MacroeconomicsScience and Technology
Shifts in Aggregate Demand
As mentioned previously, the components of aggregate demand are consumption spending (C), investment spending (I), government spending (G), and spending on exports (X) minus imports (M). (Read the following Clear It Up feature for explanation of why imports are subtracted from exports and what this means for aggregate demand.) A shift of the AD curve to the right means that at least one of these components increased so that a greater amount of total spending would occur at every price level. A shift of the AD curve to the left means that at least one of these components decreased so that a lesser amount of total spending would occur at every price level. The Keynesian Perspective will discuss the components of aggregate demand and the factors that affect them. Here, the discussion will sketch two broad categories that could cause AD curves to shift: changes in the behavior of consumers or firms and changes in government tax or spending policy.
We have seen that the formula for aggregate demand is AD = C + I + G + X – M, where M is the total value of exported goods. Why is there a minus sign in front of imports? Does this mean that more imports will result in a lower level of aggregate demand?
Actually, imports are already included in the formula in the form of consumption (C). When an American consumer buys a foreign product, it gets counted along with all other consumption. Since the income generated does not go to American producers, but rather to producers in another country, it would be wrong to count this as part of domestic demand. Therefore, imports added in consumption are subtracted back out in the M term of the equation.
Because of the way in which the demand equation is written, it is easy to make the mistake of thinking that imports are bad for the economy. Just keep in mind that every negative number in the M term has a corresponding positive number in the C term, and they always cancel out.
How Changes by Consumers and Firms Can Affect AD
When consumers feel more confident about the future of the economy, they tend to consume more. If business confidence is high, then firms tend to spend more on investment, believing that the future payoff from that investment will be substantial. Conversely, if consumer or business confidence drops, then consumption and investment spending decline.
The Conference Board, a business-funded research organization, carries out national surveys of consumers and executives to gauge their degree of optimism about the near-term future economy. The Conference Board asks a number of questions about how consumers and business executives perceive the economy and then combines the answers into an overall measure of confidence, rather like creating an index number to represent the price level from a variety of individual prices. For consumer confidence, the overall level of confidence in 1985 is used as a base year and set equal to 100, and confidence in every other year can be compared to that base year. Measured on this scale, for example, consumer confidence rose from 100 in August 2006 to 111 in February 2007, but had plummeted to 56 by early 2010.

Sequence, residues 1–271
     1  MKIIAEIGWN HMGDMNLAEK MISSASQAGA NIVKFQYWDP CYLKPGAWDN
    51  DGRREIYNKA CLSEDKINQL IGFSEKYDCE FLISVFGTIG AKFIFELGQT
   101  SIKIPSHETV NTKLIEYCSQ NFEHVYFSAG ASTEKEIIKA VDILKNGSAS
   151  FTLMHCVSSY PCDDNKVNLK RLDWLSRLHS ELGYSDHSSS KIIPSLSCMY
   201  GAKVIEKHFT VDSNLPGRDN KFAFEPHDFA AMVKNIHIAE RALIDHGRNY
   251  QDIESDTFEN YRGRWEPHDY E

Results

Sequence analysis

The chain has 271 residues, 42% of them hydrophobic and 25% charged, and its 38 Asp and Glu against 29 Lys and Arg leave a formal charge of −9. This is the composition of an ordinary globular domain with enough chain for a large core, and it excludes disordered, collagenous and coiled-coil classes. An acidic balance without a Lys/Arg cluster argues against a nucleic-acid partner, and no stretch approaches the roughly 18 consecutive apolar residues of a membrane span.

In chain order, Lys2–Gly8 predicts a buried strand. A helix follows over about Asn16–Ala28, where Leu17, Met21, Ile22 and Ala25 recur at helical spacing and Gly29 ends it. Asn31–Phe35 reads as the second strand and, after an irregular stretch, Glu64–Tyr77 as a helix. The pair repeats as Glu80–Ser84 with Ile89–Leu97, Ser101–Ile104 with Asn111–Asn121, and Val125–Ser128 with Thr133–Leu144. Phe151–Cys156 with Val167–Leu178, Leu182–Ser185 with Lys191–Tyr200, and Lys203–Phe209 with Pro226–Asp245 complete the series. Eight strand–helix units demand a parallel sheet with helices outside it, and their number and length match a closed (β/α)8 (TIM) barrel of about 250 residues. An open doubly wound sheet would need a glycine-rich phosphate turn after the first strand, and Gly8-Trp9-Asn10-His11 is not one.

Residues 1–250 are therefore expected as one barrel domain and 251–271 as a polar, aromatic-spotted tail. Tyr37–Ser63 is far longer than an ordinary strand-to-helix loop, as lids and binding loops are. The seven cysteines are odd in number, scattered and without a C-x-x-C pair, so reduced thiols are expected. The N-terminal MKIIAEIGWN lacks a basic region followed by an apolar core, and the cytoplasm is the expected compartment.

Business confidence is measured on a scale from 0 to 100, so that a score of 50 represents a neutral view, 100 would represent extreme confidence, and 0 would represent an extreme lack of confidence. Business confidence sank from 57 in the first quarter of 2006 to 44 in the third quarter of 2006 before rebounding to 53 in the first quarter of 2007. It sank as low as 35 in early 2009 before bouncing back to 58 by early 2010. Of course such survey measures are not precise. They can, however, suggest when confidence is rising or falling, or when it is relatively high or low compared to the past.
Because a rise in confidence is associated with higher consumption and investment demand, it will lead to an outward shift in the AD curve, and a move of the equilibrium, from E0 to E1, to a higher quantity of output and a higher price level, as shown in [link] (a).
Consumer and business confidence often reflect macroeconomic realities; for example, confidence is usually high when the economy is growing briskly and low during a recession. However, economic confidence can sometimes rise or fall for reasons that do not have a close connection to the immediate economy, like a risk of war, election results, foreign policy events, or a pessimistic prediction about the future by a prominent public figure. U.S. presidents, for example, must be careful in their public pronouncements about the economy. If they offer economic pessimism, they risk provoking a decline in confidence that reduces consumption and investment and shifts AD to the left, and in a self-fulfilling prophecy, contributes to causing the recession that the president warned against in the first place. A shift of AD to the left, and the corresponding movement of the equilibrium, from E0 to E1, to a lower quantity of output and a lower price level, is shown in [link] (b).
How Government Macroeconomic Policy Choices Can Shift AD
Government spending is one component of AD. Thus, higher government spending will cause AD to shift to the right, as in [link] (a), while lower government spending will cause AD to shift to the left, as in [link] (b). For example, U.S. government spending declined by 3.6% of GDP during the 1990s, from 22.2% of GDP in 1992 to 18.6% of GDP in 1999. However, from 2008 to 2009, U.S. government spending increased from 20.7% of GDP to 24.7% of GDP. If changes of a few percentage points of GDP seem small to you, remember that since GDP exceeded $14 trillion in 2009, a seemingly small change of 1.0% of GDP in annual spending is equal to more than $140 billion.